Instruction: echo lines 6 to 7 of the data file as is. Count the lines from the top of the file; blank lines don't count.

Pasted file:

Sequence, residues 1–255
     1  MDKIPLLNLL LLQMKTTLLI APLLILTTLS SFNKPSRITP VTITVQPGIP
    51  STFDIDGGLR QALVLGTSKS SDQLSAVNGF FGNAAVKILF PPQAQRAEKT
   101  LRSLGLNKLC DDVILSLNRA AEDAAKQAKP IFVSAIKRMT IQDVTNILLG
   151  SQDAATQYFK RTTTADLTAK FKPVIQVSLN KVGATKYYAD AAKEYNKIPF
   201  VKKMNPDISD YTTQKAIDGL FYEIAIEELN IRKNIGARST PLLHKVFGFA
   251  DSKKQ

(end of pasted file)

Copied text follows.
   201  VKKMNPDISD YTTQKAIDGL FYEIAIEELN IRKNIGARST PLLHKVFGFA
   251  DSKKQ